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  • Kristin Cooper

Methods for Estimating the Prevalence and Probability of Homeless Youth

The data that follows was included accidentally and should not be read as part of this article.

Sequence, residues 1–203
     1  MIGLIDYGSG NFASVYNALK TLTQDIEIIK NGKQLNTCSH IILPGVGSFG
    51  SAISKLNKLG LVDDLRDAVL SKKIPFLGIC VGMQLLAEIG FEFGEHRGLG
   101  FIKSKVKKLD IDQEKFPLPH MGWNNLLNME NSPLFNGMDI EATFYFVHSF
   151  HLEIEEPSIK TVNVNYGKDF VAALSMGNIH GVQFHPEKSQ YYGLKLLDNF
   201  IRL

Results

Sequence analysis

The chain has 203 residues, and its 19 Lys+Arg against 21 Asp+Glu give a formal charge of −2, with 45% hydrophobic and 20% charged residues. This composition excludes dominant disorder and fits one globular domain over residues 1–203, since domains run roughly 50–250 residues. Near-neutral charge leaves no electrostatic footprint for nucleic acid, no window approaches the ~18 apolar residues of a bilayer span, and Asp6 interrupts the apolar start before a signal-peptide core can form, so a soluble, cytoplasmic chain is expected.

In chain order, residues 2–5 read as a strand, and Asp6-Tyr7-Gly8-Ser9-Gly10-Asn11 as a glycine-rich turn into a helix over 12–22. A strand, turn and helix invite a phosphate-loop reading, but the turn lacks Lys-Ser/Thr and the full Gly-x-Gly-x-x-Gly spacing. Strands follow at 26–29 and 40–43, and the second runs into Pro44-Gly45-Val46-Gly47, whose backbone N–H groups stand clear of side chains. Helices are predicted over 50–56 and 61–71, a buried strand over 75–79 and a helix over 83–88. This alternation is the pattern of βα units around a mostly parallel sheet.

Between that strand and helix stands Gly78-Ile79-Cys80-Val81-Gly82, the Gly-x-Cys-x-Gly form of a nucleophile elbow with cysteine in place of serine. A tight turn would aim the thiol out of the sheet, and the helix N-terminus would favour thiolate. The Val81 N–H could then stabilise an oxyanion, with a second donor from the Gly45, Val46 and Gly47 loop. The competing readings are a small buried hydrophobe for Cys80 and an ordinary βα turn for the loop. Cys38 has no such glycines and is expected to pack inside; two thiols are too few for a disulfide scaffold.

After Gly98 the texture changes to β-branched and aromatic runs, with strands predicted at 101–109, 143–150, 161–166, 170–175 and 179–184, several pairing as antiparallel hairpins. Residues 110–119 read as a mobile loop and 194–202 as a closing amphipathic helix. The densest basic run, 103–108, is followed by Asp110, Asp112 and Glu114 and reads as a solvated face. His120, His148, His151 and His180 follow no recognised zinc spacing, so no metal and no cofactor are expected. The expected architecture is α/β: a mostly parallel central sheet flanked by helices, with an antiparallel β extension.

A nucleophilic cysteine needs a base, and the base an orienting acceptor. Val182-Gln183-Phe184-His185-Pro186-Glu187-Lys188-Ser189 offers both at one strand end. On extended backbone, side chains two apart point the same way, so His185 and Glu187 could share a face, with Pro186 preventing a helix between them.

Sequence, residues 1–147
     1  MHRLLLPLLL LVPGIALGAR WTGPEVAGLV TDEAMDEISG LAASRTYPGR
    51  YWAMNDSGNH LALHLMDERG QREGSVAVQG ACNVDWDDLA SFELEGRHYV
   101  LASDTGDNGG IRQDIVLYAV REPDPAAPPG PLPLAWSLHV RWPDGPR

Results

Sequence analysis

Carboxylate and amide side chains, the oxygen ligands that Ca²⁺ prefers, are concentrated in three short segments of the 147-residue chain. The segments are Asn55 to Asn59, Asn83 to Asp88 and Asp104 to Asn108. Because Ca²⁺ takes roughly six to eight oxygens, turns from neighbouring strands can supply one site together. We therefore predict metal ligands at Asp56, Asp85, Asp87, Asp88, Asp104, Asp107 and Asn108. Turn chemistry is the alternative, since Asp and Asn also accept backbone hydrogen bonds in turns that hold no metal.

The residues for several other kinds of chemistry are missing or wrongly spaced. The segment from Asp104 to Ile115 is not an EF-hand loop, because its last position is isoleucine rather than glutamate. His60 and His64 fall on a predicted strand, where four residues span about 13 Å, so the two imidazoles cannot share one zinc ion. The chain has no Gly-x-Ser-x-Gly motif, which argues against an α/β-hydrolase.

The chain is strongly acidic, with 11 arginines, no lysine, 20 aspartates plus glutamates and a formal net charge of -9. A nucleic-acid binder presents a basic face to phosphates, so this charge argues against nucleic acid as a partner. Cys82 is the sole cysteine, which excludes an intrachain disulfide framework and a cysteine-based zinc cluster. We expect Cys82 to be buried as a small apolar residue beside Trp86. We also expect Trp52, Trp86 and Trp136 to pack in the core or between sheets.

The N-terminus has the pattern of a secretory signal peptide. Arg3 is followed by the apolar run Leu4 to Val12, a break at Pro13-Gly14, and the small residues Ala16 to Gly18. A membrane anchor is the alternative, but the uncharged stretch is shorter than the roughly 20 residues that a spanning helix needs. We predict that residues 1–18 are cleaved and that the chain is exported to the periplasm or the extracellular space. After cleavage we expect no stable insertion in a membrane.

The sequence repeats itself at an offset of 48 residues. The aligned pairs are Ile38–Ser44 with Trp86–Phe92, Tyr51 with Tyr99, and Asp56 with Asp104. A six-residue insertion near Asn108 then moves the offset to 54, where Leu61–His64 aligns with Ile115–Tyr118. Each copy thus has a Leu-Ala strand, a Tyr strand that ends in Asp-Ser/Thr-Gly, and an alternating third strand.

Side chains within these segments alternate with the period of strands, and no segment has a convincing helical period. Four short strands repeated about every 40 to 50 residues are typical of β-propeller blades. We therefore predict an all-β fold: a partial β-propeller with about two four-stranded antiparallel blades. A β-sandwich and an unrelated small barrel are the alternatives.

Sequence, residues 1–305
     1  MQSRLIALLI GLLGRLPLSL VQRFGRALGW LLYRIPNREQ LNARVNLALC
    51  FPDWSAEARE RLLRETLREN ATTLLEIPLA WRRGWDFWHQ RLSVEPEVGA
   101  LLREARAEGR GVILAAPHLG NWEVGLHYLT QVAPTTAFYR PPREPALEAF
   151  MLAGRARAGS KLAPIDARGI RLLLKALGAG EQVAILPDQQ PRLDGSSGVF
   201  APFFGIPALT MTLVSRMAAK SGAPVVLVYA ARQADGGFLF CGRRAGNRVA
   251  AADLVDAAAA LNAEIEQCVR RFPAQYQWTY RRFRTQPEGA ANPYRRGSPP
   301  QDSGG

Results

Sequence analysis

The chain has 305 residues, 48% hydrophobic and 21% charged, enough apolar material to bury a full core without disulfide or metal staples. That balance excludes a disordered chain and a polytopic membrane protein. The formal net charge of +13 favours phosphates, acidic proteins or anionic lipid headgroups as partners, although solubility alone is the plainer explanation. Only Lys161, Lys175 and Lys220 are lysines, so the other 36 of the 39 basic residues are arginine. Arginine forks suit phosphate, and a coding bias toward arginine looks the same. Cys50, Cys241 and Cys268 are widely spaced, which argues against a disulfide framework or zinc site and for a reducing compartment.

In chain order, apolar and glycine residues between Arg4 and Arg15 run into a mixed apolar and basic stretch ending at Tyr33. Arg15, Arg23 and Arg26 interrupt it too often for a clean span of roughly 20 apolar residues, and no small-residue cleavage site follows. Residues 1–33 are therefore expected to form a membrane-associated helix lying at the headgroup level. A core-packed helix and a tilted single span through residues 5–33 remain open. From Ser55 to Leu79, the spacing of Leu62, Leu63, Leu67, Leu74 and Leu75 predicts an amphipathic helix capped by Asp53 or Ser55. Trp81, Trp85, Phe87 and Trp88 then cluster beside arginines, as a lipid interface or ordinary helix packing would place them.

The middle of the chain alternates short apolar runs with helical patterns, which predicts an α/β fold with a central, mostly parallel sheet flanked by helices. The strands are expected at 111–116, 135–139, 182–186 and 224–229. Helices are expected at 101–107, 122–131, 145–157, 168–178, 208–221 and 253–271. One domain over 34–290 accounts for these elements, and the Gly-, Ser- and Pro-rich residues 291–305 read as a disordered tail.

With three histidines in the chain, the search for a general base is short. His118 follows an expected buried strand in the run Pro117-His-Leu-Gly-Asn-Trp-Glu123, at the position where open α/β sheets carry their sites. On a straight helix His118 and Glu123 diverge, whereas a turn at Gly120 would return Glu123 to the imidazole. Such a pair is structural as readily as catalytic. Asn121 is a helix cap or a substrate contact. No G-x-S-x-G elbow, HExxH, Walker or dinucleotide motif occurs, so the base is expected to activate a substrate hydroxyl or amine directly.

HUD may award one or up to five cooperative agreements, with the total of all awards not to exceed $2,000,000. The award floor is $400,000. Please contact Grant Management Associates for GRANT WRITING assistance. The objective of this research is to meet the requirements for youth research activities authorized under Section 345 of the Runaway and Homeless Youth Act, which calls for “using the best quantitative and qualitative social science research methods available to produce estimates of the incidence and prevalence of runaway and homeless individuals who are not less than 13 years of age but are less than 26 years of age; and … that includes with such estimate an assessment of the characteristics of such individuals.” In 2019, HUD published the Voices of Youth Count (VoYC) Study (https://www.huduser.gov/portal/publications/Voices-of-Youth-Report.html) that met the basic requirements of the Act. Using a broad definition of youth homelessness, the VoYC Study offered a nationally representative estimate of homeless youth using Gallup phonebased household surveys, as well as point-in-time estimates of homeless youth based on street and shelter counts. Patterns and subpopulations of homeless youth were identified using qualitative in-depth interviews. To date, however, methods for estimating and predicting the number of homeless youth by linking administrative data from multiple sources have not been fully developed. Section 345 of the Runaway and Homeless Youth Act provides for “such other information as the Secretary determines, in consultation with States, units of local government, and national nongovernmental organizations concerned with homelessness, may be useful.” HUD therefore seeks proposals for other information and methods that supplement the findings from the VoYC Study. Such additional information that can be used to produce estimates of the incidence and prevalence of homeless youth may include the integration of administrative data from local, state, and federal institutions that engage at-risk or homeless youth, such as child welfare agencies, juvenile justice and correctional systems, schools, and hospitals. Additionally, HUD seeks proposals that demonstrate how methods for estimating and predicting homeless youth can be replicated over time in multiple geographies and how they could be used to aid communities in assessing their local needs. This may include an implementation guide for communities that provides practical instructions, best practices, and recommendations for operationalizing their methods for appropriate geographies.

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